Sunday, April 26, 2009

Homeschoolers, Hitler and Obama

We are a homeschool family.  We've had at least one of our kids in homeschool for the past decade.  We are not a die-hard homeschool family, but we do see and have experienced the benefits.  We've tried to overcome some of the obvious short-comings and argued with those who sometimes suggest that homeschooler are inherently socially inept, short-changed and culturally unawares.  These criticisms are normally overblown hyperbole from folks who have either been exposed to a few extremists, or are not plugged into the homeschool community and speak from prejudicial ignorance.  

So I've been a homeschool defender, until now.  I'm shaken.  

This week I was at a speech and debate regional tournament in which my wife and I had several experiences listening to a line of reasoning that says we as a nation, having fallen in love with a Hitlerish figure who has no substance but is a seductive soothsayer full of promises of a brighter future and willfully lulled an apathetic nation under his spell.  Just as the apathy of the Germans allowed them to blindly fall in love with and under the spell of a charismatic leader only to suffer the consequences, so too the United states is headed for a genocidal future. 

The assumption here, which is uniquely white, republican (and includes almost all self described evangelicals) is that the election of President Obama signals God's abandonment of our country into moral decline and debauchery.  Of course this was the same thing people felt about the election of JFK and Clinton and in the intervening years Reagan and the Bushes amounted to a reversing of courses.  

There is a clear association for many of my fellow-evangelicals of defacto equality between Christian virtue and Republican ethics. Yet literally 90% of our fellow members of the body of Christ around the world, and a similar % of our non-white brothers and sisters in the US, do NOT see it this way.  They spoke out almost universally against the war against Iraq, they developed deep distrust of our last President and welcomed with tears of Joy the present administration.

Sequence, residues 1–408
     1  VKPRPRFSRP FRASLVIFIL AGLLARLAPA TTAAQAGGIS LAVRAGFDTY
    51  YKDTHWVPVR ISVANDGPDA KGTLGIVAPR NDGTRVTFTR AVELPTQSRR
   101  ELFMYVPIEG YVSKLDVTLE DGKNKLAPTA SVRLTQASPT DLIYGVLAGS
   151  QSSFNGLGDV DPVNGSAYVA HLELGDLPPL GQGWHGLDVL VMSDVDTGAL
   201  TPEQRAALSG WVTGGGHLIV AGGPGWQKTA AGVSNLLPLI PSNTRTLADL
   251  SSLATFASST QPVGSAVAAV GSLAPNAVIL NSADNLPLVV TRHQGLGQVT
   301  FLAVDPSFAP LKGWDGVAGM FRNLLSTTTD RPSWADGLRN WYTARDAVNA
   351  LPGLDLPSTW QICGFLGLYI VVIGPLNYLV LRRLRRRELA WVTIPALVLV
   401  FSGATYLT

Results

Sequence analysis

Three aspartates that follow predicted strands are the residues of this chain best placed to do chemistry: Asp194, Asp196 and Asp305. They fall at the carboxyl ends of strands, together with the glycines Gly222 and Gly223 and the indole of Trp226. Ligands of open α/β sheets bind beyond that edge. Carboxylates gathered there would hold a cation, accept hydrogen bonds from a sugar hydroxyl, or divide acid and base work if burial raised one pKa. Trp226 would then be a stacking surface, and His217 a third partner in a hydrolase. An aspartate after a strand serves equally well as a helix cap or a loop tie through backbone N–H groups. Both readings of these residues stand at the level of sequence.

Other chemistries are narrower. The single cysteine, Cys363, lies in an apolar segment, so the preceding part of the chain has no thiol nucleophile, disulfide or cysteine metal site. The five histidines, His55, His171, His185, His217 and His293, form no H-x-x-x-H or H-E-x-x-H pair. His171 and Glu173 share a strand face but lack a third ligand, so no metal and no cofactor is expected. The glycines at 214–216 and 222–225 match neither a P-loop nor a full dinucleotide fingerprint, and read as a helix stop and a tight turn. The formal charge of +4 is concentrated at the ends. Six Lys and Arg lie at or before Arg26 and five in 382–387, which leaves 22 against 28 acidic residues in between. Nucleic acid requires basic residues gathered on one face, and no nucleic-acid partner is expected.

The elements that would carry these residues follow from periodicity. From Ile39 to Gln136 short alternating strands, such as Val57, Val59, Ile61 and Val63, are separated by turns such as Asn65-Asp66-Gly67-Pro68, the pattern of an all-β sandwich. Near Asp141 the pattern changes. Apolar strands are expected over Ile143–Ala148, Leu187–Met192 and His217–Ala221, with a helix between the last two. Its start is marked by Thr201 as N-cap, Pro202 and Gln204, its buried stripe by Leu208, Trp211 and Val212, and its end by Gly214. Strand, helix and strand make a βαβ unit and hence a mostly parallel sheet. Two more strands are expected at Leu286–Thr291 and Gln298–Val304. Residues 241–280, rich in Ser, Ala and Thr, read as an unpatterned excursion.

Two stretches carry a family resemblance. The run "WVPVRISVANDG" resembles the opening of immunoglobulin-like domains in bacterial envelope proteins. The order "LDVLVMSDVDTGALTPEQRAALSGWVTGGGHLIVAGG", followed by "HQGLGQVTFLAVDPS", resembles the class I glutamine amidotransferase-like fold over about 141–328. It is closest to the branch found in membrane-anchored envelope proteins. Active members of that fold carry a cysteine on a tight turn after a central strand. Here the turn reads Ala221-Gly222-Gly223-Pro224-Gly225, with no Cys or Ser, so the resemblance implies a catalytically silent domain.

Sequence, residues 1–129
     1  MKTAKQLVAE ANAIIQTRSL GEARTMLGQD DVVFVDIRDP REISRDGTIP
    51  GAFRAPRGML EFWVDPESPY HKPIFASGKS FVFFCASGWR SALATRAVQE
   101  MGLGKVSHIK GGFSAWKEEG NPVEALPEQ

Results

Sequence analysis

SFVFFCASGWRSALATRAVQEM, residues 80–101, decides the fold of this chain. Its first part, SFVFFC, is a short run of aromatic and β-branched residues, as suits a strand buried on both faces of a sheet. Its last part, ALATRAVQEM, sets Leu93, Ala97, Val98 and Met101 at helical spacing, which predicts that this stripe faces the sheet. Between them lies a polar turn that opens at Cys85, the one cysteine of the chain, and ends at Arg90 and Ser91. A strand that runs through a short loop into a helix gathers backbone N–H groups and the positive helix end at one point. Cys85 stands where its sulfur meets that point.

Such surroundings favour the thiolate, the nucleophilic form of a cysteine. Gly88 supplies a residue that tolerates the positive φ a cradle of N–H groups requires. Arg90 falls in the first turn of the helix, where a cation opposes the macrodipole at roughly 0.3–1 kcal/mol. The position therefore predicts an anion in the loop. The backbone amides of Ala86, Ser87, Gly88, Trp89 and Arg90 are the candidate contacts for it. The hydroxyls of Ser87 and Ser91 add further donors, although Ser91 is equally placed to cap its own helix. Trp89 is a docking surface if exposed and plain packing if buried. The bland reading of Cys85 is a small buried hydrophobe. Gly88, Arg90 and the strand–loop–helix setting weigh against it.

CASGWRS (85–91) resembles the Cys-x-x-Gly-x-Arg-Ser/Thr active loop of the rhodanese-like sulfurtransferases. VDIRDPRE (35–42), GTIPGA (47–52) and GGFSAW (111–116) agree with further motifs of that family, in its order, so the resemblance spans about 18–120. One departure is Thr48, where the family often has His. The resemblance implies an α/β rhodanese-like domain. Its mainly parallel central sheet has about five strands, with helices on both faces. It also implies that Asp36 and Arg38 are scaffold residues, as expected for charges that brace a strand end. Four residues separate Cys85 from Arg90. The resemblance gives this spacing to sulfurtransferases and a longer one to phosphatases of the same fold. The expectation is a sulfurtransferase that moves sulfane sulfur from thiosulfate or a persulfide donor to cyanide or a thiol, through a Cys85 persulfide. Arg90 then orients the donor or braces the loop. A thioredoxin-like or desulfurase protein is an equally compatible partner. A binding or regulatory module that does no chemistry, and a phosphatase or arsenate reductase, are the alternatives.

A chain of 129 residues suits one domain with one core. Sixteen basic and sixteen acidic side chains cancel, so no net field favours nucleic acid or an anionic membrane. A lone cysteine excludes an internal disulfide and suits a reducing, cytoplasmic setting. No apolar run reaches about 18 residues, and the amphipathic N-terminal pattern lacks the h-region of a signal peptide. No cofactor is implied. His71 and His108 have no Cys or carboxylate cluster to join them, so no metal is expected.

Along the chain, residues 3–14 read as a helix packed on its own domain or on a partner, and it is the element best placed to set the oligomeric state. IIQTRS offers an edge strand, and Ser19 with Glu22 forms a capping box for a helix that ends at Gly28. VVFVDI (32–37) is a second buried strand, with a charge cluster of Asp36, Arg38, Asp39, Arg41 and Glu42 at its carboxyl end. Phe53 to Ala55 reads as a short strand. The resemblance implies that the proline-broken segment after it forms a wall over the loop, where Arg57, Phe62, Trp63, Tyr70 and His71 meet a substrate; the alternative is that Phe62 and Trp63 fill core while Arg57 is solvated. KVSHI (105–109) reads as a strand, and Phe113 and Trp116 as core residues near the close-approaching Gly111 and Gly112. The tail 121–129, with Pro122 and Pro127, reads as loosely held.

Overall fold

So the general view of US evangelicals rejects the outlook of the body of Christ around the world.  Now, within one of the most culturally isolated (yep, I said it) sub-cultures of US evangelicalism a new line of reasoning, a new line of rhetoric, a new line of hysteria, is developing as Obama is directly identified as a 21st century Hitler.  

As I mentioned a couple of posts ago, I was recently at the National Association of Black Evangelicals annual conference.  Let me just say for the record that these folks did not vote in lock-step for Obama, but these fellow believers would likely consider this race-baiting dialogue that I witnessed as a return to overt, explicit racism.  You can disagree with him but do it in substance on issues rather than in racially based fear-mongering.  To do that is to foment racist overtones to supplement the already ubiquitous "racialization".  

I have personally both admired and been dismayed by our new President.  My goal is is not to argue for his public virtue, but as I said a year ago, the current election cycle and administration is virtually guaranteed to create further, deeper divisions within the body of Christ. . . that for Christians should be a paramount concern.  

My question is:  Is this a homeschool (white-republican-evangelical) phenomena?  Or is this a larger Evangelical theme building upon the "socialist" labels being applied to the administration?


michelle said...

joel, thanks so much for continuing to post on these issues. i just struggle w/ politics in general and have a difficult time making sense of everything having grown up mostly in that traditional, white, conservative, republican, etc. demographic. i am so grateful for our time at sunshine as well as being here in the city to help me see differently! (thanks for being a part of that!) :) i also appreciated some of your dialogue w/ brian c. on FB awhile ago - i really struggled w/ some of the comments ppl were making on there, esp. during the election. and even now i think some christians forget that we are not supposed to trash talk our president, no matter what our views. anyway, i just wanted to thank you and paula for pressing on!

Eric Fager said...

I have two things to relate.